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Ed Brubaker’s Run on Uncanny X-Men – The Extremists (Review/Retrospective)

This May, to celebrate the release of X-Men: Days of Future Past, we’re taking a look at some classic and modern X-Men (and X-Men-related) comics. Check back daily for the latest review.

One of the things that is most striking about Ed Brubaker’s work on Uncanny X-Men is just how disjointed the whole thing is. Announcing his arrival on the franchise with the Deadly Genesis miniseries, it seemed like Brubaker was really planning on shaking things up. Like Brian Michael Bendis had done for The Avengers with Avengers Disassembled, Brubaker’s Deadly Genesis had attacked some of the foundations of the X-Men franchise.

Brubaker’s first arc on Uncanny X-Men did follow up on some of the threads from Deadly Genesis, but not the obvious ones. The Rise and Fall of the Shiar Empire was a twelve-issue story featuring a bunch of X-Men launching themselves into space to recover Gabriel Summers and become embroiled in a galactic power struggle. It was very far from what fans had come to expect from the franchise, and worlds apart from the tone of Deadly Genesis or House of M. It felt strangely disconnected from a book that should have been driving the franchise.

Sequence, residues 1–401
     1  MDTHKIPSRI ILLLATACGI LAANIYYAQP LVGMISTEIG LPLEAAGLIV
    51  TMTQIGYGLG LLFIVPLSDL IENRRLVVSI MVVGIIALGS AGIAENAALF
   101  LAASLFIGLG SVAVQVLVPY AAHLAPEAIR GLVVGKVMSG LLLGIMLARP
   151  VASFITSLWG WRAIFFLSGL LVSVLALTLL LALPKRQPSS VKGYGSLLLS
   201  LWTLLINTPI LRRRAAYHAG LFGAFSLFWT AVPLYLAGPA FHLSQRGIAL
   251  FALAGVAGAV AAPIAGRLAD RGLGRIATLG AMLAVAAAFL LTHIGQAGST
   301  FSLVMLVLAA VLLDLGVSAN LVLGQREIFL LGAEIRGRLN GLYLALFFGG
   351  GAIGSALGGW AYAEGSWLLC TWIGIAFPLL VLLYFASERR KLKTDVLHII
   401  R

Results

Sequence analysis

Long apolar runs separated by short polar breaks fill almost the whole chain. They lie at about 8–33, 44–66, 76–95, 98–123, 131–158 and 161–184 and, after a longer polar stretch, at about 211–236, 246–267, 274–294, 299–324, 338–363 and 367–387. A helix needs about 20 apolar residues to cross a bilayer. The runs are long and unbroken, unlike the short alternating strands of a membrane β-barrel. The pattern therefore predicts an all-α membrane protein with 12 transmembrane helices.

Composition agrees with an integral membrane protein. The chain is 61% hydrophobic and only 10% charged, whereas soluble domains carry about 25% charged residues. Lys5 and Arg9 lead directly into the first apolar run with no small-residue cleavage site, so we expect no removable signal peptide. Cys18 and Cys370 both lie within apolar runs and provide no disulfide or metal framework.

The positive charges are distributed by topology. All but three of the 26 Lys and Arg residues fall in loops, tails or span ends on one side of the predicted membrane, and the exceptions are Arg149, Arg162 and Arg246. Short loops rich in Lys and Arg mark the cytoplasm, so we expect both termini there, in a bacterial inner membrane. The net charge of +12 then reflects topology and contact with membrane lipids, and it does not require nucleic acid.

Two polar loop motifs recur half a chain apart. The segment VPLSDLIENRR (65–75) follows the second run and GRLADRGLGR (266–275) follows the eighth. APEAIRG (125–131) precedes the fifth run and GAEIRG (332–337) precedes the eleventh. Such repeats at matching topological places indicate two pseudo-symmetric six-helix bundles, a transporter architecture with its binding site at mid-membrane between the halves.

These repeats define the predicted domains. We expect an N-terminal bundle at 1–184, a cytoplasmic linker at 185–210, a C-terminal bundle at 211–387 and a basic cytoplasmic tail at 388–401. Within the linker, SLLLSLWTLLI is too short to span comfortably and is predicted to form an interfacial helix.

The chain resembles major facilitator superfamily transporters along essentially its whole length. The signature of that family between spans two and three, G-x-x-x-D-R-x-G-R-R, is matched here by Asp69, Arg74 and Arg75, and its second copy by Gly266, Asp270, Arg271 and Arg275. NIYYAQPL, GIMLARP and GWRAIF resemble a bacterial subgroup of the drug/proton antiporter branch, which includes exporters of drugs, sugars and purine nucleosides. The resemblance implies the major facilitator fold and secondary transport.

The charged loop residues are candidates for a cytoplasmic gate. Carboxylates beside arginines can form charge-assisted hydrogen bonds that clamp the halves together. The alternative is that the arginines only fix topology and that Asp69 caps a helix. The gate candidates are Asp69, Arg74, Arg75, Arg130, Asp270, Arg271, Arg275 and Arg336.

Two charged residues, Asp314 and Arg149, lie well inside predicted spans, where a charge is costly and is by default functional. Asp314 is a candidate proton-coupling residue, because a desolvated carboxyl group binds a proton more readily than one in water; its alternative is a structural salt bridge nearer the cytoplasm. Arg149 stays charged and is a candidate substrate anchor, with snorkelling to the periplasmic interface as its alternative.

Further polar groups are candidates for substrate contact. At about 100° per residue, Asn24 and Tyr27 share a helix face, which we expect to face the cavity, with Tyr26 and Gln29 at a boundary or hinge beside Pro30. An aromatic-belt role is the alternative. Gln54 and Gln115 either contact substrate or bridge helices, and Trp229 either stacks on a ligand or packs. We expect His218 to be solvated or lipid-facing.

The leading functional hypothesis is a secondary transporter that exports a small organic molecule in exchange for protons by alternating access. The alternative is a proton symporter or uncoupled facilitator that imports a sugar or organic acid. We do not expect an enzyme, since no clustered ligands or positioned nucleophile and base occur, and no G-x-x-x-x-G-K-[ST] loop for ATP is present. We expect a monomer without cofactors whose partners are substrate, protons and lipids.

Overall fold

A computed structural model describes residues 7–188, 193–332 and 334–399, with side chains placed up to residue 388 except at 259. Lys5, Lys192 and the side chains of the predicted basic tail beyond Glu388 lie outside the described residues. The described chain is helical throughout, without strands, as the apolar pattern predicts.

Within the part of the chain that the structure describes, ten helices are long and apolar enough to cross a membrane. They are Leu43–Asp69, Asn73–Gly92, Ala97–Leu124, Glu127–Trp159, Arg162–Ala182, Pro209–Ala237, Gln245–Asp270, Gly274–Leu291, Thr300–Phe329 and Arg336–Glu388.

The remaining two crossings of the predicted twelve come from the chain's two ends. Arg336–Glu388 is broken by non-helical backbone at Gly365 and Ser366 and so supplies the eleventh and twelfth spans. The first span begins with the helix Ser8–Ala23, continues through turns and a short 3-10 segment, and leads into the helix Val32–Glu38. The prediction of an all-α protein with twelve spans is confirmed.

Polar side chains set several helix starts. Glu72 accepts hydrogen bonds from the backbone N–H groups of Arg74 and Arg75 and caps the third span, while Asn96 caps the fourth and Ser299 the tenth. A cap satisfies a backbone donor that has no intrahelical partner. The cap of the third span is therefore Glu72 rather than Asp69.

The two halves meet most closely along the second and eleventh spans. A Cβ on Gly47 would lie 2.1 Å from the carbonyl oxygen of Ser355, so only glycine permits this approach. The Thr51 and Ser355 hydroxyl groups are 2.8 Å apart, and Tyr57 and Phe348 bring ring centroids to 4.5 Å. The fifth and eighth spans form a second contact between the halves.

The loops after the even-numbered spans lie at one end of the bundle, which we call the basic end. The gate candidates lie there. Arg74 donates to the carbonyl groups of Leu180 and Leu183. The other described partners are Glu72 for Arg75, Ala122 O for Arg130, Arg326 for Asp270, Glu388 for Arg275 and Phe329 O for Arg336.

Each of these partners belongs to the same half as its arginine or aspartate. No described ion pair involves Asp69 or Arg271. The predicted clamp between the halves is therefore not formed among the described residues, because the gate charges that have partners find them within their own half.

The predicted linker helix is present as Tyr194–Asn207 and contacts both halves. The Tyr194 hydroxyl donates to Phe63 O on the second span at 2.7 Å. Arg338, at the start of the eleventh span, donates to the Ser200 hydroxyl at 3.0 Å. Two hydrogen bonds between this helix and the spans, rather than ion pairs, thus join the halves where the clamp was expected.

The writing's on the wall...

The writing’s on the wall…

His second story arc on the title, The Extremists comes towards the start of Brubaker’s second year on Uncanny X-Men, and it still feels decidedly uncertain. A five-issue story arc about terrorism and religion, The Extremists is incredibly engaged with contemporary American politics. It feels like an entirely different story from The Rise and Fall of the Shiar Empire, as if Brubaker has suddenly decided to alter the direction of his run.

The Extremists is a story that feels like an orphaned part of an X-Men epic that never quite developed, a small segment of a whole that doesn’t actually exist. It’s easy to imagine The Extremists as part of an untold post-9/11 Uncanny X-Men saga that may have spun off from Deadly Genesis and brought the comic into the twenty-first century. Unfortunately, with Brubaker’s run being pulled in multiple directions around it, it can’t help but feel a little hollow.

Cooking up a storm...

Cooking up a storm…

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